Japanese beetles are a major pest of flowers, trees, shrubs, fruits, and vegetables. An adult beetle will feed on over 300 plant species, and grubs feed mainly on the roots of grasses. Why are these beetles such a big problem? While Japanese beetles themselves aren’t a major threat, these insects normally hatch in very large numbers, and when they all land on a shrub, tree, or other plants, they can quickly destroy it. They tend to land and gather in cycles. Some summers are almost empty of beetles, while in other years they are overtaking everywhere. When there is an infestation of them, it is often a very large one that can cause serious damage and ruin tons of plants. How exactly can you control and prevent these pests? The proper timing to control Japanese beetles depends on what stage they are in their life cycle, and which phase you are trying to attack. Hand-picking or spraying with chemicals or natural pesticides should be done while the beetles are currently feeding on plants. This is typically in the period that lasts for around a month in late May, June, or July months. If you are attacking the larva stage it is normally done in late summer through fall when they are maturing and moving to feed on roots. It is impossible to completely get rid of Japanese beetles entirely. More will fly in as the crops are killed. And there aren’t many natural fixes when they are adult Japanese beetles. Wherever you are having the most problem with Japanese beetles, you may want to think about planting your landscape with plants that are less attractive to them.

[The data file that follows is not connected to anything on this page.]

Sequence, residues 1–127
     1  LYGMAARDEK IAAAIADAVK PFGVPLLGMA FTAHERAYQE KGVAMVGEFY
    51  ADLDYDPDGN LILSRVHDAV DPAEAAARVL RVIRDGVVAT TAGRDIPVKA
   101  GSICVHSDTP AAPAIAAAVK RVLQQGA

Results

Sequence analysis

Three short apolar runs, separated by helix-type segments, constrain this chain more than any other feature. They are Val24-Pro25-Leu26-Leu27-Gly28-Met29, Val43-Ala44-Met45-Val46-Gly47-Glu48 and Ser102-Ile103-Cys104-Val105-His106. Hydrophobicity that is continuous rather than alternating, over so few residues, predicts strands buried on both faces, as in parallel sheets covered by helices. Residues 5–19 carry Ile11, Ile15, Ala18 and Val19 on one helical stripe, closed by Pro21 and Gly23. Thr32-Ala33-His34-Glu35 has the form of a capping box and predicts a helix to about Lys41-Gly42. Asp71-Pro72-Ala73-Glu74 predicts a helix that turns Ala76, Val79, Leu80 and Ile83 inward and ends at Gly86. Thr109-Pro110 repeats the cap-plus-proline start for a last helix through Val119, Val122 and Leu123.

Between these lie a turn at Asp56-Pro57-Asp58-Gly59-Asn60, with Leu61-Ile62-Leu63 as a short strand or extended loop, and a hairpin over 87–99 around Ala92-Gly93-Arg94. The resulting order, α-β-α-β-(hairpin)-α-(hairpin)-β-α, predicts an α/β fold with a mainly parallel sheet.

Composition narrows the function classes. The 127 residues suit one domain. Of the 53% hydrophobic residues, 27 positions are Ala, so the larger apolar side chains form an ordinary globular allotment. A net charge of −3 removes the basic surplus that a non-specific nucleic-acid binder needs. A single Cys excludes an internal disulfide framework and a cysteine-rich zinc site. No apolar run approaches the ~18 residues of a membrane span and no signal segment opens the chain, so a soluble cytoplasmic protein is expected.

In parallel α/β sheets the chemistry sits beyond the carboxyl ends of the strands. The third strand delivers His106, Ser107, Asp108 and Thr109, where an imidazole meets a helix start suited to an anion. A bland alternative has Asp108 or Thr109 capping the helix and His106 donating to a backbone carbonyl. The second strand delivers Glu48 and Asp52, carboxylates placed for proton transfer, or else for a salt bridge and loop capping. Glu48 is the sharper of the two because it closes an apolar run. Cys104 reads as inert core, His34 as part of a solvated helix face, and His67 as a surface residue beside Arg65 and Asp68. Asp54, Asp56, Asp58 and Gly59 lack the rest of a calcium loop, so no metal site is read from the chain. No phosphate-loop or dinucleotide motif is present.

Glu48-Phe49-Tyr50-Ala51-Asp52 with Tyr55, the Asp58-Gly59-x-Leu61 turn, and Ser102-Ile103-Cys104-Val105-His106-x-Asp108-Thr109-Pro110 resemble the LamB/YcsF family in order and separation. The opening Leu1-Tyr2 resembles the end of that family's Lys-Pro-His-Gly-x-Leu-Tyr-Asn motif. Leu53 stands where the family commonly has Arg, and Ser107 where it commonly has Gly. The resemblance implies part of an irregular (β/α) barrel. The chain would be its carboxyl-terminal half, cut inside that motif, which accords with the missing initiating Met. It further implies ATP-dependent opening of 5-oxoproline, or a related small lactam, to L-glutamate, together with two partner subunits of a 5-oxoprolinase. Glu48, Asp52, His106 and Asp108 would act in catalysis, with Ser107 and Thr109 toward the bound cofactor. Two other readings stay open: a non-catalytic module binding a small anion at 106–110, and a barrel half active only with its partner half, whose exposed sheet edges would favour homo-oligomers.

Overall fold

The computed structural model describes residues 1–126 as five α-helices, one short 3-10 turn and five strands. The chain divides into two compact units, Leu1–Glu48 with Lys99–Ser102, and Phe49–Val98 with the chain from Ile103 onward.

Some plants you could consider are:
- Magnolia trees
Grab a bucket and fill it with soapy water, handpick or shake the bugs into the bucket to drown and kill them. You can leave the dead beetles by your plant to scare off any more that fly in. Japanese beetles are slow and sleepy in the early hours and their tight grips are normally more relaxed which makes them easy to get off.